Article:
Near the end of the novel when Miss Havisham is near her death day, we see a radical change in her personality. Pip goes to visit her on her request, and what seems like a swap of roles seems to occur. Indifference to earlier in the book it is now Miss Havisham who cannot look at Pip in the eye, as if she, was now afraid of him. “…I remarked a new expression on her face, as if she was afraid of me…still without looking at me…” I feel that Miss Havisham cannot look at Pip because she feels responsible for his unhappiness and the guilt is restricting her from facing him. Once again her feelings are taking over Miss Havisham, just like when she was heart broken and locked her self away in Satis House not able to face the world, now that she feels guilt she is trying to keep herself from facing Pip.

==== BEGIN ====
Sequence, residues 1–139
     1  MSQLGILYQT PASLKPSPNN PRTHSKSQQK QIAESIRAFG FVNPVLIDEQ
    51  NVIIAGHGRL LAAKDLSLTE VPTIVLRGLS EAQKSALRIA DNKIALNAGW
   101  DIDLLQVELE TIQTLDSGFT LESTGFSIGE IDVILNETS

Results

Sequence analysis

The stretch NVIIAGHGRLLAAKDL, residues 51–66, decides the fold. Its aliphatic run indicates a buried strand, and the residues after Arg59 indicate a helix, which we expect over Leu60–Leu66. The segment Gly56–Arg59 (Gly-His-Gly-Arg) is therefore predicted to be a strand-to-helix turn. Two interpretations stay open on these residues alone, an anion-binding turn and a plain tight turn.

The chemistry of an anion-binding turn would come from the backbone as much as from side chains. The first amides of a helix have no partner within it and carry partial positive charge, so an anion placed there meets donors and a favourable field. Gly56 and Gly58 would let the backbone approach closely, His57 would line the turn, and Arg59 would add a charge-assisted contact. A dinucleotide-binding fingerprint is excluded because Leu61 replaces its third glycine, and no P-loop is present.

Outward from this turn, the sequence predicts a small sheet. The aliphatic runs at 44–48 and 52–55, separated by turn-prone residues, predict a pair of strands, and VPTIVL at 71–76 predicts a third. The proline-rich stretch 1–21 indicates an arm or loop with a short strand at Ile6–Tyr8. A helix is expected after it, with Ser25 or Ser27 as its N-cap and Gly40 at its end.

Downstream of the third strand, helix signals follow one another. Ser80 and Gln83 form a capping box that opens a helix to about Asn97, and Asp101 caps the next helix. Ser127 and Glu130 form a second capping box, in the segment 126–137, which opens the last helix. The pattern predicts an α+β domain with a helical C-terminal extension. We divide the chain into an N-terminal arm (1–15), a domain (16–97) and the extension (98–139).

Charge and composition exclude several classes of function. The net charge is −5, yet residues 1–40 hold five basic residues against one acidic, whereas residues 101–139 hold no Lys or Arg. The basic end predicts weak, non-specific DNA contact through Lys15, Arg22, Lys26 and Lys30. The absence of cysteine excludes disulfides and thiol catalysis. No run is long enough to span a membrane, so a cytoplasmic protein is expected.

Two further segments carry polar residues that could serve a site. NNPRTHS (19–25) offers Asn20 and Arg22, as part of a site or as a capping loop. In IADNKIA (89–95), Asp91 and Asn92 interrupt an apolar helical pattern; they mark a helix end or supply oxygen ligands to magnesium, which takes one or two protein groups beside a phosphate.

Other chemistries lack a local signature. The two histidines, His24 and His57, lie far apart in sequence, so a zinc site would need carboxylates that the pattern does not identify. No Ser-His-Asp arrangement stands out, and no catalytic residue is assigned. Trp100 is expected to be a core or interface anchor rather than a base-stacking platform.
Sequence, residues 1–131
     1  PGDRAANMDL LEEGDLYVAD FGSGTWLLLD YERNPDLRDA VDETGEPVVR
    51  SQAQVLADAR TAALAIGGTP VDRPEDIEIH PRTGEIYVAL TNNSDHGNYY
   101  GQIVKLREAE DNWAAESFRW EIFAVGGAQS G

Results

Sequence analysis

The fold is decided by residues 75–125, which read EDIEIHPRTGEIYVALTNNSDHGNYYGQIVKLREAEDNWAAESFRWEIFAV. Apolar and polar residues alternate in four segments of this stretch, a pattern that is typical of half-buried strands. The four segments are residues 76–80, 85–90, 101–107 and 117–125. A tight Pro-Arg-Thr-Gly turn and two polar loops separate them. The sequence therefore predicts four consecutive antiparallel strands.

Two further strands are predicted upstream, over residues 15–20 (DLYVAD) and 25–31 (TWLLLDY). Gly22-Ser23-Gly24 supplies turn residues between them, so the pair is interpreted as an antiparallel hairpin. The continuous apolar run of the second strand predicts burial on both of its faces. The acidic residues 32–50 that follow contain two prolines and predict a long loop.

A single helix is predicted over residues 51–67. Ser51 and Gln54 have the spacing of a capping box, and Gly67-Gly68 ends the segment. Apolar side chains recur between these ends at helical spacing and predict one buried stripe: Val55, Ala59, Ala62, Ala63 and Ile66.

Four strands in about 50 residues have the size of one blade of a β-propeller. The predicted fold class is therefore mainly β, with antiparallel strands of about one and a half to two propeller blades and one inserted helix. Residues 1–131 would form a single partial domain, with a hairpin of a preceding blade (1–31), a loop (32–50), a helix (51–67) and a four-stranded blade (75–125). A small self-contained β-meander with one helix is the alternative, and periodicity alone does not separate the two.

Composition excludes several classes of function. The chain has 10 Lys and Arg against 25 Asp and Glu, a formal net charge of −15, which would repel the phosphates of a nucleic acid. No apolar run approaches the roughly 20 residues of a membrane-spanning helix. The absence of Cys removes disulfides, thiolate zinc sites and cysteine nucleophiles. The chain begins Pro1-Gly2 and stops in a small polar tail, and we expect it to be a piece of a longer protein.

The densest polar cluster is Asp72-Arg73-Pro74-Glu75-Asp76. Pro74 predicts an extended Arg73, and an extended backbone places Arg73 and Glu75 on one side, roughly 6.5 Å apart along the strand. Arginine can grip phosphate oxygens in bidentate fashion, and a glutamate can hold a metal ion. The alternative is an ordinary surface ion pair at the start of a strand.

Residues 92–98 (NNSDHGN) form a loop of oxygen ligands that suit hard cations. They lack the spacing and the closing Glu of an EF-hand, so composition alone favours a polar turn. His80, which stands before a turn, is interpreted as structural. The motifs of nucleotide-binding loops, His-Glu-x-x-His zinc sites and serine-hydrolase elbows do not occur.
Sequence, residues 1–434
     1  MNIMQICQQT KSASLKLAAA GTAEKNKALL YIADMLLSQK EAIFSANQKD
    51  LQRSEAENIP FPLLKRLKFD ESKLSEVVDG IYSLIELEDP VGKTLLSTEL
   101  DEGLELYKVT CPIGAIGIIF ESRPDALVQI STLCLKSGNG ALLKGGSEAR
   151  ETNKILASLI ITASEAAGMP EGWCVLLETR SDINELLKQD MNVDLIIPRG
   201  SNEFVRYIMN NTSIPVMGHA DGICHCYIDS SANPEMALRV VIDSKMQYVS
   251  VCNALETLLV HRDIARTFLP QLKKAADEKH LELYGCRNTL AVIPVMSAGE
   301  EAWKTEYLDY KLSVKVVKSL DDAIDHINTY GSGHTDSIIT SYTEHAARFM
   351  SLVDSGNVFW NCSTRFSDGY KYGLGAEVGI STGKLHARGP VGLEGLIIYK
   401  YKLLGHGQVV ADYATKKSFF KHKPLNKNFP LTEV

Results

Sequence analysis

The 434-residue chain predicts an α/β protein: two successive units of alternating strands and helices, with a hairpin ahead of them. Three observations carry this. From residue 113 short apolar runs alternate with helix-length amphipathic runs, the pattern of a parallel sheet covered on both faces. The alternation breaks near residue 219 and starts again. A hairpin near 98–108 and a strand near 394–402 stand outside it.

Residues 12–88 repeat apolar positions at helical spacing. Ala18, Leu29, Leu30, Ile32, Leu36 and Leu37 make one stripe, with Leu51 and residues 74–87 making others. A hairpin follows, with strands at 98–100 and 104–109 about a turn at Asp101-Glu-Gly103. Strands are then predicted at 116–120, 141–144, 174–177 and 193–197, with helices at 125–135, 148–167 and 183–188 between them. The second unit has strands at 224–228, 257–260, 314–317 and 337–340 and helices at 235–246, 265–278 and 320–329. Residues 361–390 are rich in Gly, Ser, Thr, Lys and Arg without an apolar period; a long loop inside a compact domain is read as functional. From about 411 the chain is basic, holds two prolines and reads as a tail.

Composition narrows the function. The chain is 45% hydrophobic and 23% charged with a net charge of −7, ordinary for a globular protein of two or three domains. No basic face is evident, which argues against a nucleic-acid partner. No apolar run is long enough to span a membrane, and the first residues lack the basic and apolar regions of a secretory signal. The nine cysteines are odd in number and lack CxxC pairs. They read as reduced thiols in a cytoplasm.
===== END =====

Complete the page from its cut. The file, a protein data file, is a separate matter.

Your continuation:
She now seems like a different person she has put her anger aside and wants forgiveness. ” I want …to show you that I am not all stone.” This phrase I think shows that she has realised what she has done, and how she has come across to Pip and tries to prove to him that she can do good by giving him the money he needed for his friend. However she wants to do more and repair the unhappiness she caused in his life regarding Estella. She bravely asks him “is there anything I can do for you yourself?” Even though I think that deep down she is aware that the damage is done now, and not even she herself, the cause, can fix it.